First, locate the signifier. All the cards that represent positions that the signifier could move to on a chessboard if it was a knight piece are called the knight cards. Similar to the knight piece in chess, these knight cards represent imminent action in the Seeker’s life. The knighted cards to the signifier’s right represent the elements that will directly help the Seeker advance onward to the next stage of his or her life or toward the Seeker’s objectives. The ones to the signifier’s left represent past actions that still weigh down on the Seeker. Also, if there are few knight cards (i.e., the signifier is located near one of the corners of the spread), the Seeker may be in a repressed position or feel stuck between a rock and a hard place right now. If all four corners are clear, then the Seeker is in a position of empowerment.
The above illustration shows the knighted cards as to the female signifier. Cards indicated with a red box are the knighted cards. The red line from the signifier and through the two cards leading up to the knight cards represent the causes of the effect that the third knighted card represents.
Let’s focus on the future side for the female signifier. The first knighted card leads from the Bear (15) through the Heart (24) to the Coffin (8). What goes upward represents the most likely outcome. What goes downward represents an alternative future or possibility based on the same events (i.e., the Bear and the Heart), but instead of the Coffin (8) happening, the Clover (2) could occur instead. Here, I would interpret the indication to be in the love sector of the Seeker’s life. She looks for financial dependence, security, and a sense of protection from a lover and one such relationship is coming up ahead. It’s not clear, though, whether that relationship, which she has grounded on a sense of dependence on the lover, will lead to a great deal of grief, i.e., the Coffin (8) or she will luck out and secure a sense of happiness, albeit a fleeting one, i.e., Clover (2). The more likely outcome is the one going upward, or the Coffin (8).
Shifting the focus downward to the other two lowest knighted cards, we examine the Seeker’s unconscious. The knighted card on the left represent the past unconscious and the one on the right represent the future unconscious. The Child (13) here suggests a ticking biological clock: she’s been pining for a child, but it hasn’t happened for her yet. The Child (13) card, which is the result of the Bear (15) and the Stork (17) suggests a committed relationship where she is dependent on another. If she bears child, also considering the juxtaposition of the Child card with the Clover (2), it may work out for the best. In her past is the Ship (3), which suggests that she has traveled geographically far from home in an attempt to run away from emotional grief, pain, and adversities that she never ended up resolving for herself, i.e., note the trajectory of Scythe (10) to Mountain (21) and finally to the Ship (3). When the Mountain (21) appears close to the signifier card, it indicates obstacles.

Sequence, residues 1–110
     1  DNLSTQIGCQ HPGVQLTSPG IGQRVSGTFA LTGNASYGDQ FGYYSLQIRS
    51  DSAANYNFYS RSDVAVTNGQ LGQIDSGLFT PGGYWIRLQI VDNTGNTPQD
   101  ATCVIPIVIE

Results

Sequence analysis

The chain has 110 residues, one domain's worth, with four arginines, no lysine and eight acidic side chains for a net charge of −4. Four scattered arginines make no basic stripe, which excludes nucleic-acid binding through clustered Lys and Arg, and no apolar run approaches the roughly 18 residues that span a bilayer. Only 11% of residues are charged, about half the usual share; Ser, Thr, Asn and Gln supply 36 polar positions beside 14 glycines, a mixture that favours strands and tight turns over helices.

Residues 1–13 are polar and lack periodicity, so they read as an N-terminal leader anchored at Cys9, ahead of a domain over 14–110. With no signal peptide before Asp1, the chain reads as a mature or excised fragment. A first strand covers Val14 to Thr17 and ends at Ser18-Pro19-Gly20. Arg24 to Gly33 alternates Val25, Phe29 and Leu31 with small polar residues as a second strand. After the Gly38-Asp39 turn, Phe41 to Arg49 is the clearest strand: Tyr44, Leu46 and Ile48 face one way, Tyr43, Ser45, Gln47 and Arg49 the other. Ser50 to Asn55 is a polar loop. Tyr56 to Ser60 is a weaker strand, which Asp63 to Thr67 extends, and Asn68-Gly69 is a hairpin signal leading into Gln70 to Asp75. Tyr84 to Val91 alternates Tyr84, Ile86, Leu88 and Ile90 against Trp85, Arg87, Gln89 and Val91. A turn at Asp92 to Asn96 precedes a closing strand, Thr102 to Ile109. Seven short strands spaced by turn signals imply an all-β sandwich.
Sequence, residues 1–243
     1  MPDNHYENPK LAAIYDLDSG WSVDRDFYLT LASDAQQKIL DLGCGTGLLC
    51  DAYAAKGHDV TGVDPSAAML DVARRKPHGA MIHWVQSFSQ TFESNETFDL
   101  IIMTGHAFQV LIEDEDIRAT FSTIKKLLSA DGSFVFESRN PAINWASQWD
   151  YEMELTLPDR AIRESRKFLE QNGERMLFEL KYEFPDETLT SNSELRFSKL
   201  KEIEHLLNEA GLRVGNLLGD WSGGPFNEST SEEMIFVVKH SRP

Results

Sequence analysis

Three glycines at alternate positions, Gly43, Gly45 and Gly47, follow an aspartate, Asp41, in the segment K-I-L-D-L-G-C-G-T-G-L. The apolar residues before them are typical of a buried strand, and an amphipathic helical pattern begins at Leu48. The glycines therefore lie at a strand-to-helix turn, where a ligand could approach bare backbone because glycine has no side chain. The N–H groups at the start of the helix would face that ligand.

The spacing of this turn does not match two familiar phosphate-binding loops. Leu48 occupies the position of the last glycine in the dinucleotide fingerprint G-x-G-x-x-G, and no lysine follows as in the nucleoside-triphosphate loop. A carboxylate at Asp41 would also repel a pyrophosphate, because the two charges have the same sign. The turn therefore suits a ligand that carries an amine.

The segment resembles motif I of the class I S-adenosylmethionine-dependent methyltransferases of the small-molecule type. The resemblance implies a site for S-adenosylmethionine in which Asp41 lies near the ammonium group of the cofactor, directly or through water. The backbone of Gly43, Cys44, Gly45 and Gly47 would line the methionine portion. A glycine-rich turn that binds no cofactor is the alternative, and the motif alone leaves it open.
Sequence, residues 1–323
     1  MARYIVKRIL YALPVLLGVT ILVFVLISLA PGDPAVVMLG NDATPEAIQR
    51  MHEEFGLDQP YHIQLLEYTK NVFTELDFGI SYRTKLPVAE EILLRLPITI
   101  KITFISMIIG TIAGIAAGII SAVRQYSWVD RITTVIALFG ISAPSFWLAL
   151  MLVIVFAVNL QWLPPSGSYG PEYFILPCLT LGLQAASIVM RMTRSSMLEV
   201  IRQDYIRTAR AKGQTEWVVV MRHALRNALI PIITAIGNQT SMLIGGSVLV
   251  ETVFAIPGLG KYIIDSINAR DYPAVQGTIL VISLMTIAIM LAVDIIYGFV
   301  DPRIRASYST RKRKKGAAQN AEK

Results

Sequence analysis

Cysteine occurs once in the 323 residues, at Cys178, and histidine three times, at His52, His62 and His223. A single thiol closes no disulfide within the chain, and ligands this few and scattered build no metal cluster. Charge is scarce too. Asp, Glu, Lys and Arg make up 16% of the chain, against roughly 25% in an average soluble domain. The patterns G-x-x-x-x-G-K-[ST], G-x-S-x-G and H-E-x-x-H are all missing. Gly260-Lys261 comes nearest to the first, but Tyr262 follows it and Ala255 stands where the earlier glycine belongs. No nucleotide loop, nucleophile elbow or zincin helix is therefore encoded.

Mirroring is about identifying the cards that represent the Seeker’s own reflection, or how the Seeker views him or herself in light of the circumstances indicated by the cards. Reflections are what the signifier sees from the standpoint of the ego.
The above illustration examines the male signifier, indicated by a red box. To the left indicated by a blue box is his horizontal reflection. The Sun (31) represents how he views his past. He is quite proud of his great accomplishments. He’s done better than most of his peers and he knows it. However, the Coffin (8) represents how he views his present. He has been deeply depressed by his feelings of inertia. He was on such a fast-track to accomplishment before, but right now he has hit a plateau and he doesn’t know how to get out of it to advance on.